A literary account and a novelist point of view on the dramatic events at the end of 2010 and 2011 in Tunisia, Tahar Ben Jelloun's By Fire doesn't add new interpretations of the historical account. The two essays translated from French are aimed to multiply the memory of the so-called Jasmine Revolution, that started from the self-immolation act by the young unemployed graduate Mohamed Bouazizi.
Unable to cope on his own with the injustices and corruption in the country, Bouazizi, harassed by the police for the only fault of trying to honestly gain his existence selling fruits from a cart in the market, decided to end his life in a symbolic way. By putting himself on fire he wanted to send a desperate message to the public. He died of his wounds a couple of days later, and his act made history, as president Ben Ali left the country following the revolt that spread all over the country.
The death of Bouazizi, as well as the change of the corrupt president didn't change on the long term the situation of the country, but at least opened a window for hope. Of course, hope it is not enough to bring bread on the table but this might encourage change, both individual and at the society level. Bouazizi didn't have any hope any more hence his desperate act. Ben Jelloun recognizes that one single voice it is not enough: '(...) isolated voices can never bring down dictators; it took many incidents, clashes with the police, glaring injustices and intolerable acts for the spark to finally ignite'. The 'Arab Spring' was a hope not necessarily leading to dramatic changes, but literary minds and writers in general are always tempted to dream.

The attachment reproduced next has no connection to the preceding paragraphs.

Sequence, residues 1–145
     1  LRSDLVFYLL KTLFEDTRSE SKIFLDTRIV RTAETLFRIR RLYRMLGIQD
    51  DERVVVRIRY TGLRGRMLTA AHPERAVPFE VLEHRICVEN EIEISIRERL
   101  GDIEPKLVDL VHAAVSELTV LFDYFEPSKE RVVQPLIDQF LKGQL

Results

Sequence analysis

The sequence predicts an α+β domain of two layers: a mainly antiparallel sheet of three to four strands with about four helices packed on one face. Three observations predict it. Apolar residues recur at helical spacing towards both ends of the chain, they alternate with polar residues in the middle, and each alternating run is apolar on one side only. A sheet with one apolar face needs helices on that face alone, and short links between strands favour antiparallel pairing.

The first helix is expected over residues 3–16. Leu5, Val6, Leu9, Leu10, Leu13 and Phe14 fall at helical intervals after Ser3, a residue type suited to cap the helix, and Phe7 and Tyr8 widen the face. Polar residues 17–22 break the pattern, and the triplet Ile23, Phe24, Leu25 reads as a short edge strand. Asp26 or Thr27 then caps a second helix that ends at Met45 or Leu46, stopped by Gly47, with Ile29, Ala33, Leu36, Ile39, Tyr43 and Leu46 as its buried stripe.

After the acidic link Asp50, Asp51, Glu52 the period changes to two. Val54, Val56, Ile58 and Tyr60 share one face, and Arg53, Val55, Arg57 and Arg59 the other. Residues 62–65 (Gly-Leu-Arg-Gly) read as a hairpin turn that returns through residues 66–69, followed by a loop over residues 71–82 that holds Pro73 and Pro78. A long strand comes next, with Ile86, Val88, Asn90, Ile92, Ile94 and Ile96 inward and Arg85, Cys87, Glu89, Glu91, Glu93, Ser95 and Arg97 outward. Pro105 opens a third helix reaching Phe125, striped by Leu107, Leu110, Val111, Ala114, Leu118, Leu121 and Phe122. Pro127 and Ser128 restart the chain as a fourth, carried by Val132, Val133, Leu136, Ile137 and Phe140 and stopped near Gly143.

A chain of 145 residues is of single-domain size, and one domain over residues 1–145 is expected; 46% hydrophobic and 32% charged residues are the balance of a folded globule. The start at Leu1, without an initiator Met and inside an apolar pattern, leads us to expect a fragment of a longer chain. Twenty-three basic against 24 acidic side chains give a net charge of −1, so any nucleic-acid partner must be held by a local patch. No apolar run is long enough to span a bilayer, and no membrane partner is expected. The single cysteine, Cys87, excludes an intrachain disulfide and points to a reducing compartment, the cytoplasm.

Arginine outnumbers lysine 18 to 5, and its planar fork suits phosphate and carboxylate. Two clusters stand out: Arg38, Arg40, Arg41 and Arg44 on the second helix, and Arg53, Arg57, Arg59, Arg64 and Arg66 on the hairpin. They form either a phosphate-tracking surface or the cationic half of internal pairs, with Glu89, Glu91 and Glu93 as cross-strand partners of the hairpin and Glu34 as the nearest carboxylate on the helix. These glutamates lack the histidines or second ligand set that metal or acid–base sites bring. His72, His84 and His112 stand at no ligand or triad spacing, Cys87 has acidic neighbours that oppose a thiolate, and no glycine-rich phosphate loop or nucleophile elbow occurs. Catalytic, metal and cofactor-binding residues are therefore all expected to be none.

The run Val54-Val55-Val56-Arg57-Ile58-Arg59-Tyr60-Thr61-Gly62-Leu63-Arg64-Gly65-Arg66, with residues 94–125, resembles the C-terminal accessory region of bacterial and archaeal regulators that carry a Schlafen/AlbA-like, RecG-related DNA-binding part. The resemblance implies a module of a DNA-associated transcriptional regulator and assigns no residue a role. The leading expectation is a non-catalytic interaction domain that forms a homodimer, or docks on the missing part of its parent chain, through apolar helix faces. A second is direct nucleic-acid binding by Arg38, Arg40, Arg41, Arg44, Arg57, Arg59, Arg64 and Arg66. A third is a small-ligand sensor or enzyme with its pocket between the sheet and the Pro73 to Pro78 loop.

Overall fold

However, the short essays are realistically written, more focused to describe facts and events than to make comments and projections. It offers important historical background and information not only for the novel reader, but also for anyone interested to have a short but comprehensive understanding on the 'Jasmine Revolution'.
Disclaimer: Book offered by the publisher in exchange for an honest review